On February 12, President Obama gave his State of the Union address – which was great. And Marco Rubio, a rising star in the Republican party, a senator from Florida, gave the Republican rebuttal, and it was a lie from start to finish.
The Republicans are struggling to rebrand and repackage themselves. Right now, it’s a party that cares only about the rich, that seeks to take women’s health back to the 1950s, that seeks to turn Medicare into a voucher system, to privatize Social Security, to redefine rape, to…well, you get the general idea. Rubio’s rebuttal, as one anchor put it, “was tinker-toys, a kid’s presentation of a philosophy at the 9th grade level.”
First, Rubio said that Obama believed government was the answer to everything, that the free enterprise system was to blame for our economic woes, that higher taxes would solve our problems. He then went on to explain how he and his family had benefited from government programs – through education loans, Medicare for his parents, and the lure of the American dream that anyone, anywhere, could achieve their full potential.
When I watched Rubio, my jaw dropped at the multitude of lies. He’s a member of the party that, under George W Bush, started two wars; created Homeland Security and the TSA, two huge government agencies whose number of employees is a government secret; under whose watch 9-11 happened; under whose watch we had the financial meltdown of 2008. Bush was a disaster for this country and for much of the world. But Rubio seems to have forgotten all that. In Rubio’s world, Obamacare is the terrible disaster that will bankrupt businesses, that robs people of the health care they now have, and just how are we going to pay for it all, anyway? Why should anyone be guaranteed health care?
Well, Marco, the Pentagon budget could pay for universal health care.
I’m not crazy about everything Obama does- I dislike the drone business, that Gitmo is still open for business, and I don’t understand why we can’t end Afghanistan today rather than in 2014. I don’t understand why Obama hammers away about how great our military is and will continue to be. On the other hand, he may be the most transformative and smartest president we’ve had in decades, with a unique background that effectively embraces a global humanity – and not just a community of aging, rich white men.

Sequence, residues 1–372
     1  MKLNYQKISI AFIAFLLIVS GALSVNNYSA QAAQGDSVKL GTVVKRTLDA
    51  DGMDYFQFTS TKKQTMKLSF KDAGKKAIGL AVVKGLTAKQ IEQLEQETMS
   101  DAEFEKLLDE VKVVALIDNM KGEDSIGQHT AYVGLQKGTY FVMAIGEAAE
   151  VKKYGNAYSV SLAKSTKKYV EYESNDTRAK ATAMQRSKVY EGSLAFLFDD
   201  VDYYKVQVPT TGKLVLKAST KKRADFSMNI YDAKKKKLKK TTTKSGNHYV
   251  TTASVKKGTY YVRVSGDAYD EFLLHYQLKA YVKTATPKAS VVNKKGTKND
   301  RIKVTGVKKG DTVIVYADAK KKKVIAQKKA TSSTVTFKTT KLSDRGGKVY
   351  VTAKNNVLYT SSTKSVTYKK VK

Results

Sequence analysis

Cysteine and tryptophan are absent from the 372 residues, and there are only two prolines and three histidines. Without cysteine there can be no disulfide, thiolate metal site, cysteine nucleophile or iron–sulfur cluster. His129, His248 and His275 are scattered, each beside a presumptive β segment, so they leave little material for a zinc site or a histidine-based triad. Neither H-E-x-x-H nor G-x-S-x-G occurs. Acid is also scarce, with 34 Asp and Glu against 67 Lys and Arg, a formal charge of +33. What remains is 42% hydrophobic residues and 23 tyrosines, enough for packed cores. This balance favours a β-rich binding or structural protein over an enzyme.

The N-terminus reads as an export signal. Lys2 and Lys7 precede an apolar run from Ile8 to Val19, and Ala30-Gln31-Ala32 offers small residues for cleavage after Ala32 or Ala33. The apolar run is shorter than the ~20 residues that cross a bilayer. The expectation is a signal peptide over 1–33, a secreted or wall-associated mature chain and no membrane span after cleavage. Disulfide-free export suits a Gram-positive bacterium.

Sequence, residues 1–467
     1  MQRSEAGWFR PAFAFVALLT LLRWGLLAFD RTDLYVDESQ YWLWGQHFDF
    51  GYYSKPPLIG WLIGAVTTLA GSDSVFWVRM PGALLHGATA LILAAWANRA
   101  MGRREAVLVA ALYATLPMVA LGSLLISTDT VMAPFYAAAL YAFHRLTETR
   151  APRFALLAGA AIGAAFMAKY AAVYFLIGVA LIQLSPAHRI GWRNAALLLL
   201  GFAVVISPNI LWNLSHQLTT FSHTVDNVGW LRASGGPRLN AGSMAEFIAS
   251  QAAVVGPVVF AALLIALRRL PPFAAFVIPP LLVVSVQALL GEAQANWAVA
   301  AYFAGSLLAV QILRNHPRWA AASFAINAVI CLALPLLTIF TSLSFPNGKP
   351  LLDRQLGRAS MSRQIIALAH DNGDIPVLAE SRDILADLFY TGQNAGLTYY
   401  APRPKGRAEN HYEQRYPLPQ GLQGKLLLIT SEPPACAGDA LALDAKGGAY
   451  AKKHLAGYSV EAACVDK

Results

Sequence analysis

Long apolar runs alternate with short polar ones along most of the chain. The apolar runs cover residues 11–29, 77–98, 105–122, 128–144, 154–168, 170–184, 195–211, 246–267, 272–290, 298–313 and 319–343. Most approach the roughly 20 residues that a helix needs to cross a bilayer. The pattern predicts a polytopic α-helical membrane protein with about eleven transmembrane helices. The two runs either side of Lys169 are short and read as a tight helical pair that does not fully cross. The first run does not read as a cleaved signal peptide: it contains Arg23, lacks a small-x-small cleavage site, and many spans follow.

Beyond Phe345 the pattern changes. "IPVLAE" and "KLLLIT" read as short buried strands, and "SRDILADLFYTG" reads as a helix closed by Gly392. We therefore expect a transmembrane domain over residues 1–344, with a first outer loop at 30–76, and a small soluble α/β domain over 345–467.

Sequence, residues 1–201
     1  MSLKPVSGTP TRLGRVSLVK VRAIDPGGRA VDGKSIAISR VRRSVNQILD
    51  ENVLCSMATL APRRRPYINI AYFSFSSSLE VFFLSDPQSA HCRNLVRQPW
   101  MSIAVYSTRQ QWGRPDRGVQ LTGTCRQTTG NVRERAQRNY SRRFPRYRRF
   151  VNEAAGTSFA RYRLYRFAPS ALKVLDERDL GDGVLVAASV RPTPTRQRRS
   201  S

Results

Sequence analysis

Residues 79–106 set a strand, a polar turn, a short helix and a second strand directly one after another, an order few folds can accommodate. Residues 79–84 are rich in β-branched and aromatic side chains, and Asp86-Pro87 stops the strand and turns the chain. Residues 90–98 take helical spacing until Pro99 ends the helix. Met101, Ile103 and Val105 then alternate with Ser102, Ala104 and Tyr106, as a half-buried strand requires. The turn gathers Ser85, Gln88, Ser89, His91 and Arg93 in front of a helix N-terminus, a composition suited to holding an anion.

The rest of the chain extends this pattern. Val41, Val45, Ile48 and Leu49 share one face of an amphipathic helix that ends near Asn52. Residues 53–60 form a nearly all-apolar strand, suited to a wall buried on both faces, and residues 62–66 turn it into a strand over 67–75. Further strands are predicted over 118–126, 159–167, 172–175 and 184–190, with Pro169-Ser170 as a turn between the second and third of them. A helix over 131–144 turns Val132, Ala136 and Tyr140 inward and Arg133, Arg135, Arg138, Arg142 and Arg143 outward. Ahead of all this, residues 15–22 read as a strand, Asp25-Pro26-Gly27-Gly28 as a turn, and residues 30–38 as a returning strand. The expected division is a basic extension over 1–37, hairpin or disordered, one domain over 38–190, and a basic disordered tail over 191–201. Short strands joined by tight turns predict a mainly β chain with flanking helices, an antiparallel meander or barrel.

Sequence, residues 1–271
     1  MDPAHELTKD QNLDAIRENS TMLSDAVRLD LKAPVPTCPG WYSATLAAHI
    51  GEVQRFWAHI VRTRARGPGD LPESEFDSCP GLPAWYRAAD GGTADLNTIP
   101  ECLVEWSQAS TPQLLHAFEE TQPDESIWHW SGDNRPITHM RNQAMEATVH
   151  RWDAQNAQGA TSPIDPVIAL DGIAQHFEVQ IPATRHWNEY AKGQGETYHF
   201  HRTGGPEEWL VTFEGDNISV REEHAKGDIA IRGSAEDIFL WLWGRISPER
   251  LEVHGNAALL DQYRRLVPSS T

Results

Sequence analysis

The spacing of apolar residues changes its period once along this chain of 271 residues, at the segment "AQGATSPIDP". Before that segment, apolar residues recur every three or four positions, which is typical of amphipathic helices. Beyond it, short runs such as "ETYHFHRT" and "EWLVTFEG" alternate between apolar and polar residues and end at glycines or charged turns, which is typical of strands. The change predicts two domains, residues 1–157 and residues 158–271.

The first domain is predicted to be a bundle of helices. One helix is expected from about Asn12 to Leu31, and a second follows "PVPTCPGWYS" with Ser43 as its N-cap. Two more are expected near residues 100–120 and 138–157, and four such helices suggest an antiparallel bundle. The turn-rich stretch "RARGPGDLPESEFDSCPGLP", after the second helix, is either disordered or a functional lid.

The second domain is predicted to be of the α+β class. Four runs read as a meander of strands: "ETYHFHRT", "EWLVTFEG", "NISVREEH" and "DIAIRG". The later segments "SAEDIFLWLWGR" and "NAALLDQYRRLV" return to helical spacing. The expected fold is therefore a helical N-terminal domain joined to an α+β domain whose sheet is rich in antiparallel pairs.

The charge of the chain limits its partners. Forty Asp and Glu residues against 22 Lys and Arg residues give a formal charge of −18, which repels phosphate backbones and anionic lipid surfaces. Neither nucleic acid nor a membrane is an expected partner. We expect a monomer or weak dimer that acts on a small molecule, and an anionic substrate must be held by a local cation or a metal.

Obama understands that as a country we can’t ignore the vulnerable, sick, and aging in our society. He understands that an affordable college education is intrinsic to our success and continued prosperity as a nation. He understands the need for a balance between government and private enterprise. He understands, as the Republicans do NOT, that equal rights must be extended to gays in society, in the military, across the board.
The synchro? Rob and I happened to have lunch today with Don, his off-road biking buddy, and Craig, Don’s brother-in-law. A spur of the moment thing. I try not to have political discussions with people I’ve just met. I become obnoxious and intolerant of views that disenfranchise the many. Yet, Craig and I ended up having a civil and interesting conversation he initiated about politics, life, and all the rest of it.
He sounded reasonable on some issues – like unions. As a retired firefighter, he understands the importance of unions, which are supported by Democrats, not Republicans. He says he belongs to no political party, is disgusted with both parties, doesn’t understand why we are the world cop. OK, keep talking, Craig. Then he went through this long, convoluted thing about how he’s for equal rights for everyone but that he has a problem with the, well, legal marriage for gays. I’m thinking, Huh?
“Really? It boils down to semantics for you?” I asked. “You think they should have all the rights as a heterosexual spouse in terms of property, death benefits, all of that, but that they shouldn’t be married?”
“Marriage,” Craig said, folding his hands together on the table, “is between one man and one woman. It’s in the Bible.”
At this point, I excused myself and said I needed to go next door to pick up a few groceries.
That’s how I felt during Rubio’s rebuttal, like I should excuse myself and find something else to do. The Republican Party, as it exists right now, is a dying paradigm. You can’t dismiss most of the electorate – women, Hispanics, gays, people of color, the poor and elderly, the vulnerable and disenfranchised – and win any election in this country. Even Rubio, whose parents are Cuban immigrants, who represents the rapidly expanding Hispanic electorate, can’t save this party, as it exists now, with a platform that benefits the few at the expense of the many.